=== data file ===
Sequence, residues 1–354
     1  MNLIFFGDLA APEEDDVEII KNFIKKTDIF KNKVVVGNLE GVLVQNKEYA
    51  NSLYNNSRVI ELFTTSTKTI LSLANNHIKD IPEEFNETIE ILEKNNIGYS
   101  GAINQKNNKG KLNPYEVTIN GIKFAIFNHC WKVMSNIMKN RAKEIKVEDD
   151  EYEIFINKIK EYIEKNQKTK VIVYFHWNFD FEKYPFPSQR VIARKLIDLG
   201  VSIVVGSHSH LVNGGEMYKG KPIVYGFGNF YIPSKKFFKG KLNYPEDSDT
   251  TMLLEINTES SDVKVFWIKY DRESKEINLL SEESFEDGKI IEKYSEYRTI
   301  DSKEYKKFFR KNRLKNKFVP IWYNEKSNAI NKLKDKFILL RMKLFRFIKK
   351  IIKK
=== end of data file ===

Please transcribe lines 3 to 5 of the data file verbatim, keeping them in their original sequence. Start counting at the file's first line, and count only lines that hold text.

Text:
    51  NSLYNNSRVI ELFTTSTKTI LSLANNHIKD IPEEFNETIE ILEKNNIGYS
   101  GAINQKNNKG KLNPYEVTIN GIKFAIFNHC WKVMSNIMKN RAKEIKVEDD
   151  EYEIFINKIK EYIEKNQKTK VIVYFHWNFD FEKYPFPSQR VIARKLIDLG